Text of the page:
WSJT-X v1.7 released
Joe Taylor, K1JT, has announced the release of version 1.7 of the popular WSJT-X software package.
WSJT-X implements digital communication protocols or “modes” called JT4, JT9, JT65, QRA64, ISCAT, MSK144, and WSPR, as well as one called Echo for detecting and measuring your own radio signals reflected from the Moon. These modes were all designed for making reliable, confirmed QSOs under extreme weak-signal conditions.
As we find ourselves slowly strolling toward the bottom of the solar cycle, HF propagation continues to decline. Many people are turning to these weak digital signal modes as a way to continue to be active, even under the worst conditions. Others enjoy these modes for use with QRP rigs or minimal antennas. There’s a lot to be said about having the ability to get a signal from here to there at >20db below the noise floor.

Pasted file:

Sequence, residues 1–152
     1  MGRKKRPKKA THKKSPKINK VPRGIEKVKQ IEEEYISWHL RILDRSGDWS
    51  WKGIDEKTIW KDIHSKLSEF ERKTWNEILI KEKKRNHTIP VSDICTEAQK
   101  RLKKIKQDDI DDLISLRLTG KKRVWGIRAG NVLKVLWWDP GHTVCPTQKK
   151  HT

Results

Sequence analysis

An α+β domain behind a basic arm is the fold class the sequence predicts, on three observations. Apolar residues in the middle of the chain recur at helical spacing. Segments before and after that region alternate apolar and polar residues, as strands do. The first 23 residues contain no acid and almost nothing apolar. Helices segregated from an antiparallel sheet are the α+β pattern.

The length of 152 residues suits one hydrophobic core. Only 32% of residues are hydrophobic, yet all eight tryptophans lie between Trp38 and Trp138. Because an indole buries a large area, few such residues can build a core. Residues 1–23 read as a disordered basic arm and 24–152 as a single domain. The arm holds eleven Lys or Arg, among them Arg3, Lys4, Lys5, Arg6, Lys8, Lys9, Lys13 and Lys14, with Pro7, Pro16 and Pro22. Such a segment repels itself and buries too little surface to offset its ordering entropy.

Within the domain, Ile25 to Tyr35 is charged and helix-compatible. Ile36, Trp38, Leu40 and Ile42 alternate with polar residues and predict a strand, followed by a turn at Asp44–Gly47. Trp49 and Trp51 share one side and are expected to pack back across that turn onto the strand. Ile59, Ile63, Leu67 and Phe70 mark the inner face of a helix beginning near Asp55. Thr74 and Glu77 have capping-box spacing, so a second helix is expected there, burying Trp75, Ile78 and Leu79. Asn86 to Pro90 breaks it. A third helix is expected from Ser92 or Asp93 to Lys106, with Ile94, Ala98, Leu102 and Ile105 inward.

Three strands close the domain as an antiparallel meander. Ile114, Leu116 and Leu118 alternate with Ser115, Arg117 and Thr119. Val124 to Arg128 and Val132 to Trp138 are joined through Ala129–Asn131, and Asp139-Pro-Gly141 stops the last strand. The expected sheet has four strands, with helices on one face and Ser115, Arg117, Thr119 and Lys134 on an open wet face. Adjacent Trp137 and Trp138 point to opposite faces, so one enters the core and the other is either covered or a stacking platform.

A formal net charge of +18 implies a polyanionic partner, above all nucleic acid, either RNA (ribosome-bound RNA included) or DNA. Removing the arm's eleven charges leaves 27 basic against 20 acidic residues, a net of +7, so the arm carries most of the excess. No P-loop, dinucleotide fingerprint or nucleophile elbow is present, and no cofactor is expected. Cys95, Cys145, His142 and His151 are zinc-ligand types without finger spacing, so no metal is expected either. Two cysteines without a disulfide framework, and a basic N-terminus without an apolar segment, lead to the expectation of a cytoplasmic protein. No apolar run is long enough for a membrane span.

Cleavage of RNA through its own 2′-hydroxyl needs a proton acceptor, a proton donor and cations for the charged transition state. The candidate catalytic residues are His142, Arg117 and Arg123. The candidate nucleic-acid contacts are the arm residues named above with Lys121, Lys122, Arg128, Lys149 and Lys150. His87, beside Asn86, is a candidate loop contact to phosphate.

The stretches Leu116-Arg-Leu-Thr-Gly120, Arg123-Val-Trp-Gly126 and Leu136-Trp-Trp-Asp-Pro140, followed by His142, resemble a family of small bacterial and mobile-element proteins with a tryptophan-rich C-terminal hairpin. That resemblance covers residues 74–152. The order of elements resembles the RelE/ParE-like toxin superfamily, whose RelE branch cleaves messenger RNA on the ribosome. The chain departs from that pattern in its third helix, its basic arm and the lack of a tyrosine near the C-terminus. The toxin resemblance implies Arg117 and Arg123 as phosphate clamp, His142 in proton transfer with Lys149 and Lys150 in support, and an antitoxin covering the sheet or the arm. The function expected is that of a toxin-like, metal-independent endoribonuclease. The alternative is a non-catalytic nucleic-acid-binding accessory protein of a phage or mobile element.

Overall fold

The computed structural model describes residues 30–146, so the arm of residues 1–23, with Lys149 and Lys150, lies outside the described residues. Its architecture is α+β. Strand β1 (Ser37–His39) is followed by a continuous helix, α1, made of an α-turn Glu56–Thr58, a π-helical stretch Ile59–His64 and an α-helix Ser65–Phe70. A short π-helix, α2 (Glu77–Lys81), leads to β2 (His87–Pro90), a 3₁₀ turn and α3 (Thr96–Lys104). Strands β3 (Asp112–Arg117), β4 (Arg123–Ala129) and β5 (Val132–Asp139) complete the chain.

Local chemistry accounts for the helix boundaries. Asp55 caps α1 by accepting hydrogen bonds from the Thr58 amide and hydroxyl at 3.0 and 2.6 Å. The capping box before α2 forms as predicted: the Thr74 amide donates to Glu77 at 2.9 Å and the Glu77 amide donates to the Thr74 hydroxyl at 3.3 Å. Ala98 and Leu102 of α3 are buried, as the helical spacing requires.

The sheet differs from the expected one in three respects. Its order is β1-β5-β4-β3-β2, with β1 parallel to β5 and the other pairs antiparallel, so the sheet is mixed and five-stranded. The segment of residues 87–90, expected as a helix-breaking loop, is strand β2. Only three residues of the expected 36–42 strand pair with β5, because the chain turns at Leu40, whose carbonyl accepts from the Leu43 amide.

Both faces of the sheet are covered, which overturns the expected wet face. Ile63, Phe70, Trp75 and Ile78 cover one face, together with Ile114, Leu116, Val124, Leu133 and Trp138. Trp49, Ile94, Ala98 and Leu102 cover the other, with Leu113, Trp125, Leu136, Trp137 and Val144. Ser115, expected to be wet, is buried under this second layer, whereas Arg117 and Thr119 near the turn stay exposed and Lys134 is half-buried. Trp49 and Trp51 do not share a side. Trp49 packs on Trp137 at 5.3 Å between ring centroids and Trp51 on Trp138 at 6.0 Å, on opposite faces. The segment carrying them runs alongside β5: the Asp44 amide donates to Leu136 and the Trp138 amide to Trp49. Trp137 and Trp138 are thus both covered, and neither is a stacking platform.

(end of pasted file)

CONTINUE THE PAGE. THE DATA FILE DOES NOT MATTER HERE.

This is a major update of WSJT-X, featuring several new modes including modes: ISCAT, MSK144 and QRA64 as well as many other performance enhancements, support for additional radios, a new and improved user guide and many other features. Complete release notes are available here, or at the bottom of this post.
WSJT-X is a complex program. Be sure to read the online WSJT-X User Guide for Version 1.7.
WSTJ-X v1.7 is a free download and is available from the WSJT-X website here.